Murthy R, Beke N, Palsule A, Deshmukh M. Successful management of central retinal artery occlusion and optic nerve injury postendoscopic sinus surgery with combined hyperbaric oxygen and intravenous steroids. J Clin Ophthalmol Res [serial online] 2019 [cited 2020 Jan 28];7:124-6. Available from: http://www.jcor.in/text.asp?2019/7/3/124/272709
Sinus surgery aimed at removing diseased sinus mucosa and enhancing aeration of the sinuses has been in vogue to treat a variety of conditions. Transnasal endoscopic sinus surgery, especially ethmoidal surgery, poses a great risk of orbital injury especially in the hands of the inexperienced endoscopic surgeon owing to the close relation between the orbit and the sinuses. We describe a case of combined optic nerve injury and central retinal artery occlusion (CRAO) following endoscopic sinus surgery which was managed successfully with good recovery of vision with intravenous methylprednisolone and hyperbaric oxygen.9. Hadanny A, Maliar A, Fishlev G, Bechor Y, Bergan J, Friedman M, et al. Reversibility of retinal ischemia due to central retinal artery occlusion by hyperbaric oxygen.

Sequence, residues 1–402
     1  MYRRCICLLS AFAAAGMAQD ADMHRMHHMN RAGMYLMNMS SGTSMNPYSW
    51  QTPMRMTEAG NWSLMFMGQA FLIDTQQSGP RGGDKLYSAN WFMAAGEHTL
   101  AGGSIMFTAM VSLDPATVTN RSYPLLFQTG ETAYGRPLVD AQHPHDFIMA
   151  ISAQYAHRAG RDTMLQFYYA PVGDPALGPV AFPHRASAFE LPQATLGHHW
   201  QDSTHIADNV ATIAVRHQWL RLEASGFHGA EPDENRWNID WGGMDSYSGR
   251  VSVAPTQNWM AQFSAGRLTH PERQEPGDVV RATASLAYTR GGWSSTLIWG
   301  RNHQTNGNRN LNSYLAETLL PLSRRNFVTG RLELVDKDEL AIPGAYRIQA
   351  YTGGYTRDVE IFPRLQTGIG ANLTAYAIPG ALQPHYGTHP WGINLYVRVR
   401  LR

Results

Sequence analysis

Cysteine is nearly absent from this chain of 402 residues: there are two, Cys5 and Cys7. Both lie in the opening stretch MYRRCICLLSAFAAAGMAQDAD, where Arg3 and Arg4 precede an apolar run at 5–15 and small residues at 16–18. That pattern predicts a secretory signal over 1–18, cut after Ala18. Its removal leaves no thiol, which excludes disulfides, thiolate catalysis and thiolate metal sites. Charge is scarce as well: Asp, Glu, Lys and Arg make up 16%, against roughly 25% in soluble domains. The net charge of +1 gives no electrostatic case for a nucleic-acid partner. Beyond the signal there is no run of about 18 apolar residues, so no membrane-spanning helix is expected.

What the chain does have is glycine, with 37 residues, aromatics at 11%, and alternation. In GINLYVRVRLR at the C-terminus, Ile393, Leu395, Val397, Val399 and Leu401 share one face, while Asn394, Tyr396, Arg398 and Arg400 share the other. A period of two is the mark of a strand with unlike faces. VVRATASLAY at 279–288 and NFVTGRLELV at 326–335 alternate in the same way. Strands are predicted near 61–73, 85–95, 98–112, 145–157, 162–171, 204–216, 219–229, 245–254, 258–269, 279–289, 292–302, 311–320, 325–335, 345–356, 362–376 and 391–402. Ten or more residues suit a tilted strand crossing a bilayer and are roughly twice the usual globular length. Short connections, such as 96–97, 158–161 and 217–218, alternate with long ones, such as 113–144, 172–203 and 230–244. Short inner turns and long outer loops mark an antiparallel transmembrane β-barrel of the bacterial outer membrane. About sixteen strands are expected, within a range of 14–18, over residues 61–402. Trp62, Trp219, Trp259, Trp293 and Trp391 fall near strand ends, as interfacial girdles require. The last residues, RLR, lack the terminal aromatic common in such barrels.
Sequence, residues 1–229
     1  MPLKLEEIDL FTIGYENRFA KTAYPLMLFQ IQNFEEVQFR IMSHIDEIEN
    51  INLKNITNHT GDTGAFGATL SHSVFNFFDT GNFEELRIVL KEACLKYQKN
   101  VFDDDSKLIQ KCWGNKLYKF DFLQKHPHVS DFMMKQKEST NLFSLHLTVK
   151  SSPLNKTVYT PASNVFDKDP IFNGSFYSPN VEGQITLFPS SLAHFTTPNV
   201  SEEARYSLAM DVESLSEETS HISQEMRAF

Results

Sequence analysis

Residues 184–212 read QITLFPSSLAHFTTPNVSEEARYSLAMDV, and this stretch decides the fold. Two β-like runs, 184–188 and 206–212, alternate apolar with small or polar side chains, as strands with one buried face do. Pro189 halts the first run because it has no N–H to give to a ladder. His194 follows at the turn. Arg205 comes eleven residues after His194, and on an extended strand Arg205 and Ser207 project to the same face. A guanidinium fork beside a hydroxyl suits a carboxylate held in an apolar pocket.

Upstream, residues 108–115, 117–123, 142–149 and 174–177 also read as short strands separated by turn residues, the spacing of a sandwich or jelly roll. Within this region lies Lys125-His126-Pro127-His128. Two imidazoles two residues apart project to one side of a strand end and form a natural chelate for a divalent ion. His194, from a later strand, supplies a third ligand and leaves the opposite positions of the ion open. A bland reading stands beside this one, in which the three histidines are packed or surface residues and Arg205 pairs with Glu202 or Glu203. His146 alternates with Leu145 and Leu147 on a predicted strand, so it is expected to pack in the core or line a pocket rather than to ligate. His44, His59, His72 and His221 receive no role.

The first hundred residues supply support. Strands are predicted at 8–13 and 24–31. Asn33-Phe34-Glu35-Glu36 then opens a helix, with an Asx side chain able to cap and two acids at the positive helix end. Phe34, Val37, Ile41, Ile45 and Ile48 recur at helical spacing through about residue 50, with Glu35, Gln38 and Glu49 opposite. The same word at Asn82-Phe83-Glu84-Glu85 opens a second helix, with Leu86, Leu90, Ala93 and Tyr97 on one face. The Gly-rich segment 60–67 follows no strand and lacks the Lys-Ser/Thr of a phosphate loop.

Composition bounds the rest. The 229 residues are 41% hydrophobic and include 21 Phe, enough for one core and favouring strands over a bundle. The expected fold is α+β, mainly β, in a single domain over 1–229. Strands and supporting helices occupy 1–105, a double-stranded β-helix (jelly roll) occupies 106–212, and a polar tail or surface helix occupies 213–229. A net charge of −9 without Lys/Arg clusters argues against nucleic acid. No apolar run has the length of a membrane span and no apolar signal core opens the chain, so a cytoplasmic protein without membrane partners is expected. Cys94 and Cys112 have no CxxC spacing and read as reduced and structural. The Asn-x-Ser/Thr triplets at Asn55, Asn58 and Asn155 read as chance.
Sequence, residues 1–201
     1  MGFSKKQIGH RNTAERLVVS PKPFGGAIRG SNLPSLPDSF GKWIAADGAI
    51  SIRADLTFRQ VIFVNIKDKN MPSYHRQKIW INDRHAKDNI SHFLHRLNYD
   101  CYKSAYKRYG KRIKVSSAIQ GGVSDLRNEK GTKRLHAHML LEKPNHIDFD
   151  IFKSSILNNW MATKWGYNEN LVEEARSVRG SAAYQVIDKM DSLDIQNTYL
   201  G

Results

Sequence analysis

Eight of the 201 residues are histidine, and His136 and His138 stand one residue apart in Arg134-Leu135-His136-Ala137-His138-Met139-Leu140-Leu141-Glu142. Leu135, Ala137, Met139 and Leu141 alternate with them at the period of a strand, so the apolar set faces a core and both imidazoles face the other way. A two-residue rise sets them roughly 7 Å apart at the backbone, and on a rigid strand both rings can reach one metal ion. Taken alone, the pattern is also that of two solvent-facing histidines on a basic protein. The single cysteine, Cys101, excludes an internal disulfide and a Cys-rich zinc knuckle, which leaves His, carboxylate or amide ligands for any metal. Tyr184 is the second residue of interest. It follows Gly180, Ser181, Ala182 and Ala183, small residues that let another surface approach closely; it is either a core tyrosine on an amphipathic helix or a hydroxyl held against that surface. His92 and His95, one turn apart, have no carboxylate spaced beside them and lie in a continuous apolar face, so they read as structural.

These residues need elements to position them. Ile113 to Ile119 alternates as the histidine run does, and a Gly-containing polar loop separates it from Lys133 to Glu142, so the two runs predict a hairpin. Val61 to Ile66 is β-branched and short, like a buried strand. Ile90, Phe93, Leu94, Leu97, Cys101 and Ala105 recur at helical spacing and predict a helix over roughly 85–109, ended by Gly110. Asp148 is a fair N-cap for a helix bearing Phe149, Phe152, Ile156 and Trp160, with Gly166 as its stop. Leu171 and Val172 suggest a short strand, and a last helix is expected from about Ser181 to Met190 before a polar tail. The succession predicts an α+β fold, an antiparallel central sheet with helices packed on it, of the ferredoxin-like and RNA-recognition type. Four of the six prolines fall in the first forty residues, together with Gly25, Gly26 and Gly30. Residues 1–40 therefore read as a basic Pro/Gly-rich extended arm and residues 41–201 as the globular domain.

| Case Report|| |